Initially, it was thought that Kaseya itself might have been compromised in the same way as the SolarWinds malware attack in December 2020. Instead, the attackers targeted a vulnerability in Kaseya’s VSA software, infecting 1,500+ small and medium-sized companies. According to the Huntress’ blog, the Russia-based criminal gang “REvil” first bypassed authentication to Kaseya’s VSA and then deployed malicious updates. In return, the gang demanded USD 70 billion in Bitcoin.
.@CISAgov is taking action to understand and address the supply-chain #ransomware attack against Kaseya VSA and the multiple #MSPs that employ VSA software. Review the Kaseya advisory and immediately follow their guidance to shutdown VSA servers: https://t.co/48QLkEm1eY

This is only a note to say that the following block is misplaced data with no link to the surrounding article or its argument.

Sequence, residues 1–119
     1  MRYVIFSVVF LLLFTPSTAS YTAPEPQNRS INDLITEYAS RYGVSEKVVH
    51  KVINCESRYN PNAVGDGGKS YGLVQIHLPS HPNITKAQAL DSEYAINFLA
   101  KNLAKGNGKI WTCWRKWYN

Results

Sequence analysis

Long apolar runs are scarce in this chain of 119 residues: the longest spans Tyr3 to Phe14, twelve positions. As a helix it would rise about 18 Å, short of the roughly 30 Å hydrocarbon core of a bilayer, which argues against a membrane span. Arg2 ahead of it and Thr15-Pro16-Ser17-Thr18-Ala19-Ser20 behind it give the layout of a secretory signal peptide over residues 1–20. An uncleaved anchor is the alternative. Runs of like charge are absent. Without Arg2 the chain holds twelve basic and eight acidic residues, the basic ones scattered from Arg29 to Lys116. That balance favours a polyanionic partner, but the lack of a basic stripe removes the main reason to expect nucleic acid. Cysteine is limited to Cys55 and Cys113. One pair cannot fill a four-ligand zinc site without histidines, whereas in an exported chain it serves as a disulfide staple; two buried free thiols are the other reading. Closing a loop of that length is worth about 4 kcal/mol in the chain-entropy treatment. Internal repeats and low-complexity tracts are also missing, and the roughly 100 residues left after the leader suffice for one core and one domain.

— US-CERT (@USCERT_gov) July 2, 2021
Could the Attack Have Been Avoided?
According to the latest update by Bloomberg, five former software engineers and developers had warned Kaseya leaders about the vulnerabilities in the systems. Examples of the vulnerabilities included outdated code, weak encryption and passwords, and a failure to meet basic cybersecurity requirements. Despite the concerns, the problems were never fully addressed, and new features were prioritized over fixing the existing issues.
Ransomware attacks such as this endanger the long-term sustainability of companies of all types and sizes. Below are some effective anti-ransomware strategies for safeguarding your business.